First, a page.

Microsoft's latest ad attacks Mac aesthetics, computing powerContinuing its advertising campaign which seeks to promote generic PCs running Windows as more attractive than Macs, Microsoft's latest spot plays up specifications over aesthetics as opposed to just suggesting that PCs are simply cheaper as the previous spot did. However, it ends up making the opposite point instead.
Following Lauren, the latest ad introduces Giampaolo, who says he's looking for portability, battery life, and power. "I'm technically savvy," he says, "I know what I want. I like a computer that allows me to customize." He's shown shopping at Fry's Electronics, where he picks up a unibody MacBook and says, "This is so sexy!"
Giampaolo then explains why he can't buy it, saying, "Macs to me are all about aesthetics more than they are the computing power. I don't want to pay for the brand, I want to pay for the computer."
Of course, it's really Microsoft that's paying for Giampaolo's computer, and Steve Ballmer is not going to pick up the tab for a MacBook. So instead, Giampaolo uses his $1500 budget to ultimately buy an HP Pavilion HDX 16t, which he says has everything he needs.
"That thing is gigantic"
On HP's website, that model starts at $1000. At Fry's, the salesman in the ad points out its typical configuration of $1,100, although HP's "recommended configuration" is $1400, still within Giampaolo's budget. However, it's an odd choice for somebody who wants portability, as the 16" widescreen model he lugs out of Fry's weighs over 7.3 pounds naked, almost twice as much as the "sexy" MacBook that's "all about aesthetics."
HP certainly isn't "all about aesthetics." The cheap plastic body of the HP Pavilion HDX 16t is 1.7 inches thick, nearly twice as bulky as the MacBook. All that size surrounds a large 16" screen with a miserably low density 1366x768 screen resolution. Giampaolo could upgrade to the 1920x1080 option, but that would have bumped him over his artificial $1500 ad budget, even when applying a $200 instant rebate HP offers.
Battery life not so good
"What would have the best battery life, that could still accommodate my needs?" Giampaolo asked while shopping. It sure wasn't what he picked out.
HP rates its built-in battery for less than 3 hours, but reviewers gave it less than two. That's not very good at all for its category. HP also offers a $150 expansion battery that hangs off the back of the already large system to give it twice the battery life. The "sexy" MacBook is rated for 5 hours with a single battery.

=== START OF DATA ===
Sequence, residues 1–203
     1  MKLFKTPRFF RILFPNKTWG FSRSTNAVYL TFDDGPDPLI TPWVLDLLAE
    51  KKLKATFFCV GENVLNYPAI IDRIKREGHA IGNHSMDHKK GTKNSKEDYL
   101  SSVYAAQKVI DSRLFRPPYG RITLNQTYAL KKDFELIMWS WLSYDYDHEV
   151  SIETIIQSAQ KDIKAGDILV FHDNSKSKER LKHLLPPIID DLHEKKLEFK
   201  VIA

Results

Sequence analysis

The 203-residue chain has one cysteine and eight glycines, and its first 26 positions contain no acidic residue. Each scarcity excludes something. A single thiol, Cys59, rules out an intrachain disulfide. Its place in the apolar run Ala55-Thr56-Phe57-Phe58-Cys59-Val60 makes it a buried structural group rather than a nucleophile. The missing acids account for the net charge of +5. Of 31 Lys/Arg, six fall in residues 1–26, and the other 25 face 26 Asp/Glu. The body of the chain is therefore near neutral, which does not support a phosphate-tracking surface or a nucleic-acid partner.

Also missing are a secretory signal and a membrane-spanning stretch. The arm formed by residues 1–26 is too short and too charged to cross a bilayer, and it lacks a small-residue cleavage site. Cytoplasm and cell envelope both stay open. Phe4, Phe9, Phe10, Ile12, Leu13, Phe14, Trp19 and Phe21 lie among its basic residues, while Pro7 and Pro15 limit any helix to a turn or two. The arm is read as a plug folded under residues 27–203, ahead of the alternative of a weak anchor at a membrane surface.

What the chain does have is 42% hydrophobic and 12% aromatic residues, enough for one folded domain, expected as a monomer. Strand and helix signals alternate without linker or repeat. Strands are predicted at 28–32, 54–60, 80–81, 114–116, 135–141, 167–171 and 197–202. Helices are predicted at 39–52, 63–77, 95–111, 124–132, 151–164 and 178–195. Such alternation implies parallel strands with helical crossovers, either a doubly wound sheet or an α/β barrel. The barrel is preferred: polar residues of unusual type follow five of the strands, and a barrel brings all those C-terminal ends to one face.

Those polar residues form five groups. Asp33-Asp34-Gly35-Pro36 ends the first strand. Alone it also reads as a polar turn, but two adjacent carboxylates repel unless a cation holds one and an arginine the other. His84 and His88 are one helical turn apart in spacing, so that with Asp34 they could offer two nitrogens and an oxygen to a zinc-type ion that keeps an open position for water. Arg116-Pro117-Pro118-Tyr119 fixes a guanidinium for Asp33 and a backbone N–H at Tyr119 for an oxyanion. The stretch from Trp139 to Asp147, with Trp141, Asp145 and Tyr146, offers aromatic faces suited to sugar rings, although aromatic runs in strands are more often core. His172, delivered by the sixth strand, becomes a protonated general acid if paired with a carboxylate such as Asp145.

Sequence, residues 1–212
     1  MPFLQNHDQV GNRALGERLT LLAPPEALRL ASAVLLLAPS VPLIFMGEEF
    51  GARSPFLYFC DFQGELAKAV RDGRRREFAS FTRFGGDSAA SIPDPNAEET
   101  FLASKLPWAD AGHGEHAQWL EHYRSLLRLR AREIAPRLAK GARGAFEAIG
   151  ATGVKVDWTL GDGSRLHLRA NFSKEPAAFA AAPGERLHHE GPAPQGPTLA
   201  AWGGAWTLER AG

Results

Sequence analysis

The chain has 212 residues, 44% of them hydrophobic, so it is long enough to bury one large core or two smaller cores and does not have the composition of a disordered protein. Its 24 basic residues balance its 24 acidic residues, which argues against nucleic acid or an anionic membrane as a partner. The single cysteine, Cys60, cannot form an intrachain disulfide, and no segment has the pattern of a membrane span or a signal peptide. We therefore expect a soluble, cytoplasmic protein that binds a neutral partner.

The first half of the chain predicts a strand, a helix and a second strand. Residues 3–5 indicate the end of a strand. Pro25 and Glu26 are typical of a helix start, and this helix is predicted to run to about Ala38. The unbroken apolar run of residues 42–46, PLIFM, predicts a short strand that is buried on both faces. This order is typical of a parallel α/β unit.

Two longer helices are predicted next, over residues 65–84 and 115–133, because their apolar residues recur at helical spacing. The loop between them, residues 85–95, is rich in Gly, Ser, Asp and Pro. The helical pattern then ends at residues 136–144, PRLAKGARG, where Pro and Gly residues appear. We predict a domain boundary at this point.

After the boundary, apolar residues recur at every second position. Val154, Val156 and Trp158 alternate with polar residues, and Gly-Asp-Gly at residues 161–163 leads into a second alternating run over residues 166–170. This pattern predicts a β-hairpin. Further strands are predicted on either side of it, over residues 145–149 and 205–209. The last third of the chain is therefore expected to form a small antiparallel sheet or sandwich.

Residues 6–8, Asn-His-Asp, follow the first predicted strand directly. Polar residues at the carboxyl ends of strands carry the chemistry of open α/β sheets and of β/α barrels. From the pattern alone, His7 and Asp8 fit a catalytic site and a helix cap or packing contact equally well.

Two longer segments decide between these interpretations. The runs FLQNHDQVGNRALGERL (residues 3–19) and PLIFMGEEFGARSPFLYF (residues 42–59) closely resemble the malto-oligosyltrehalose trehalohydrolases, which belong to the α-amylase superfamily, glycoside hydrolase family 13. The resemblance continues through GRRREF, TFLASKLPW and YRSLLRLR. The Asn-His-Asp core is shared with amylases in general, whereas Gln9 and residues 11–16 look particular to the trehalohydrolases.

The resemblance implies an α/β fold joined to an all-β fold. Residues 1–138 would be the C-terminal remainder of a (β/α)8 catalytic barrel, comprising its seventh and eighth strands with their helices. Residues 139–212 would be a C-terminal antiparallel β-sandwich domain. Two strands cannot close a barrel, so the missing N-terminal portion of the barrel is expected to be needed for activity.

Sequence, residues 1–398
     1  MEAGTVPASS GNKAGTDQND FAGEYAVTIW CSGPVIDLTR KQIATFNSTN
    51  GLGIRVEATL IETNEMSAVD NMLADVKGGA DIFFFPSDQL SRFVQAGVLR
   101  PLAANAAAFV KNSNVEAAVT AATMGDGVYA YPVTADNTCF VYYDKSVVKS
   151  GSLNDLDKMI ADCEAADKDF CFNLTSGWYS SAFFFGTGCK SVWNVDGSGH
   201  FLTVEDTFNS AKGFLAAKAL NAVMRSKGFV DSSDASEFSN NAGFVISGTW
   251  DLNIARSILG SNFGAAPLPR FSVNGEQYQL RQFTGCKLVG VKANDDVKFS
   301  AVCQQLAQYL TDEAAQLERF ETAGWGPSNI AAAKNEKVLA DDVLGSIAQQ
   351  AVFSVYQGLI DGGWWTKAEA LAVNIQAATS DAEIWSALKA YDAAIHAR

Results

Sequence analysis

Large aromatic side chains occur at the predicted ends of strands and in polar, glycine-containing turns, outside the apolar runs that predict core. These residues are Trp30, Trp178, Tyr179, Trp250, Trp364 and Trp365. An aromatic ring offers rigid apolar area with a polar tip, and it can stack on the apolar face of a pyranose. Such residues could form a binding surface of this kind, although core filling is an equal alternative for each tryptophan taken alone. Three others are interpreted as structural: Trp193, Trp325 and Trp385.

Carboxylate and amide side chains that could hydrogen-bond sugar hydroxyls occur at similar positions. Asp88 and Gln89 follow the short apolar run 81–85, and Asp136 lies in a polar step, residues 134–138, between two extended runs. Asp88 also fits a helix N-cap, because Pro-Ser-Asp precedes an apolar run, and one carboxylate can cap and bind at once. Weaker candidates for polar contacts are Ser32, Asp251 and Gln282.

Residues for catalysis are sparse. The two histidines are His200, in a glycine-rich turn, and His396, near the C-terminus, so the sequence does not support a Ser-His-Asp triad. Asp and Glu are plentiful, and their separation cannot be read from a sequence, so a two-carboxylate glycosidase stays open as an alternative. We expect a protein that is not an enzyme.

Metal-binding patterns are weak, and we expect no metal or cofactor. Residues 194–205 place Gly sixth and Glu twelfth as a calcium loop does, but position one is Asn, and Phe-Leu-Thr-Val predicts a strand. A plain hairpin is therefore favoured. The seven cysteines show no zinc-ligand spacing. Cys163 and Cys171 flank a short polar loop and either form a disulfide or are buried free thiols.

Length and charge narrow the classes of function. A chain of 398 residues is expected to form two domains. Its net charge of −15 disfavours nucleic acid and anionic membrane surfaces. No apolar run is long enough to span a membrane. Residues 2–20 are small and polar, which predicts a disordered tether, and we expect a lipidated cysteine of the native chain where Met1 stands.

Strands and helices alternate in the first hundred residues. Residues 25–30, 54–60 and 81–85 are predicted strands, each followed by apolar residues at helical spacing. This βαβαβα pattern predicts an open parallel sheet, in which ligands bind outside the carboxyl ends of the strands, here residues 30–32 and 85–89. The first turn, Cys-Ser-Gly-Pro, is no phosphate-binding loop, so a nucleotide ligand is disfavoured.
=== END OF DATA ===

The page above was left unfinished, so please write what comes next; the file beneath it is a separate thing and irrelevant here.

"It's a pretty strong contender"
In terms of power, Giampaolo's third primary need, the "recommended configuration" of the HP Pavilion HDX 16t that he apparently purchased ships with a 2.13 GHz Core 2 Duo P7450 paired with 4GB of PC2-5300 DDR2 RAM, which is a slower memory architecture than Apple was shipping in early 2006 MacBooks three years ago.
The latest MacBooks that Giampaolo feared were "all about aesthetics" pair a Core 2 Duo P7350 or P8600 with PC3-8500 DDR3 RAM, delivering a peak transfer rate that's twice as fast as the HP machine Giampaolo selected.
So much for Macs being about "aesthetics more than they are the computing power," or Giampaolo being "technically savvy."
Hopefully, Giampaolo is at least technologically savvy enough to upgrade to the 64-bit version of Windows Vista (or downgrade to the 64-bit version of Windows XP) in order to actually take advantage of that 4GB of RAM, as the standard version of Windows can only actually use about 3GB of it, a technical problem he wouldn't face on the MacBook.
Given that only a fraction of the PC installed base runs a 64-bit version of Windows (Microsoft reported that less than 6% of users hitting its software update servers were running 64-bit Vista last June), there's lots of "technically savvy" PC users with loads of installed RAM their computer can't even use.
And while Giampaolo can upgrade to even more RAM, he can't upgrade his new system to use the faster DDR3 RAM specification used in the MacBook. That would make his system faster overall and allow it to take full advantage of the installed CPU's 1066MHz front side bus, which HP chose to cripple by pairing it with a 533MHz memory architecture to save money and deliver a cheap system for people who don't know what they're really buying as they shop at Fry's for good-sounding GB and MHz numbers rather than focusing on finding a computer that does the things they want it to do.
Giampaolo was distracted by marketing
Of course, with the scant money that he's saving (he could have bought the high end MacBook by matching Microsoft's money with his own $100), Giampaolo will now get to go shopping for software, where he can easily spend several hundred dollars just trying to match the features and usability of the free iLife and Mac OS X tools Apple bundles with the MacBook.
Giampaolo will also have to spend hours of his time installing and running antivirus and adware tools, and stay on the lookout for that Conficker computer worm that Microsoft is warning Windows PC users about on the front page of its corporate website.
The strangest point of this ad is that Giampaolo didn't get the portability, battery life, and power he was looking for, he just ended up with a cheap-appearing machine that obscured its real technical limitations under a flashy layer of misleading, specification-oriented marketing, the very thing he thought he was avoiding with HP: buying a brand rather than a computer. And that's exactly what Microsoft wants people to do: buy its brand rather than a computer that does what they want it to do.
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